There is, right now, only one party looking to the future inclusively and with equity, and that is the Liberal Democrats.

Posted in Current Comment, Liberal Democrats, Political Renewal | Leave a comment

Our approach to education perpetuates poverty – we need a different answer

Back in April Heidi Allen MP, pressing for an end to the Government’s benefit freeze made the point that “The Work and Pensions Select Committee has compiled evidence that shows that ending the benefits freeze would lift 200,000 people out of poverty.”  Reducing the number of families facing poverty must be a priority.

Now we have Boris Johnson as the new Prime Minister making all kinds of promises for a positive future, in order to justify an approach to Brexit that is likely to result in catastrophe for families on the lowest incomes, we need more than ever to take this problem seriously and for the long term. It is no good saying that the best way out of poverty is through employment and that we must make work pay if the main lever to make the income from work more attractive is to reduce the benefits income available below the amount you need to make ends meet.

However for policy on income poverty this must be just a start. There is no doubt that poverty and its effects on children and families in the UK is growing. Research by the Joseph Rowntree Foundation released in early 2018 showed that almost a half of all children living in the UK’s largest cities are in families experiencing poverty. For young people in the north of England there is a double whammy according to the Children’s Commissioner. In a report also from early 2018 the Children’s Commissioner found that children in the north are more likely to struggle at school or drop out of education altogether. Many council areas in the north, the report found, had twice the national average level of children not in education or training. In London children receiving free school meals are twice as likely to go on to university as similar children in the north.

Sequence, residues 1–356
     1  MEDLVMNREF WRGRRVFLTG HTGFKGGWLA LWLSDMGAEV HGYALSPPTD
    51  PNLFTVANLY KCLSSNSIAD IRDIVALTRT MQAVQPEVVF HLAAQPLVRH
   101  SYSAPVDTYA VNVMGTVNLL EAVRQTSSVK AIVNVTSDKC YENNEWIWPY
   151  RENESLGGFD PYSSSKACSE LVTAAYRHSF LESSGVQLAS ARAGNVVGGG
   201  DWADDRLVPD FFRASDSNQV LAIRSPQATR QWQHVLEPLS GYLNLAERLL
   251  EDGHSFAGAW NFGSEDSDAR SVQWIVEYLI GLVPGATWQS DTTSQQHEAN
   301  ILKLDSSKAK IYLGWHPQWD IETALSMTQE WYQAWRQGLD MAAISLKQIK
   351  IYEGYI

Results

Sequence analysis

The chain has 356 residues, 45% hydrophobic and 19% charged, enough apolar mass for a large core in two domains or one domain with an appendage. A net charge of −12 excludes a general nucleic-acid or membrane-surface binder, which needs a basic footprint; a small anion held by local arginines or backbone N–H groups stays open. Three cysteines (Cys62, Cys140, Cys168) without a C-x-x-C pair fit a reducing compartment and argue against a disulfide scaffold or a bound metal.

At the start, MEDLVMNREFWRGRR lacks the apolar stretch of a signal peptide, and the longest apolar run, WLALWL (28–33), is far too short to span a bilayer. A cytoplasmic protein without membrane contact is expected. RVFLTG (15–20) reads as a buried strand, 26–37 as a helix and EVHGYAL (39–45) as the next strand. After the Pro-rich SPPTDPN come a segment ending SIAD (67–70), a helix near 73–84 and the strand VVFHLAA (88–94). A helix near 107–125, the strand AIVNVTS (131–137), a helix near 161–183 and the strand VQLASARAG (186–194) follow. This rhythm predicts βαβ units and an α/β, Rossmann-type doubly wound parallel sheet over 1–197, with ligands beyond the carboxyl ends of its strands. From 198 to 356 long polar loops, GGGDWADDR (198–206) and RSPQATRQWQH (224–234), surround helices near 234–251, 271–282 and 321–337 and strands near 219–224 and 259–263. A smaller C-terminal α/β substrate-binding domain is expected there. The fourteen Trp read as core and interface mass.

Whilst we now know that the so called “Northern Powerhouse” initiative was more PR than reality it is true that many areas in the north have seen investment and redevelopment. However children in those areas see this as something done to where they live and not for them. Shiny new buildings don’t impress because they are not something that offers a tangible promise that can be believed in.

For policies that address poverty sustainably they must address not only access to employment and the problems of low income but also the level of engagement that enables people to believe that the opportunities that exist are also for them. Top down policies whether reforming or scrapping Universal Credit or making people provide job seeking plans just serve to re-enforce the idea that stuff is done to you not for you. It’s all about proving you are eligible to an uncaring state.

In his recent book Re-imaging Britain Archbishop Justin Welby makes the point that the focus on education as being solely about attainment actually drives exclusion and helps perpetuate poverty.  It is not be surprising then that data Welby draws on suggests that the poor not only stay poor but are the least well equipped to adjust to and get the most from our rapidly changing society.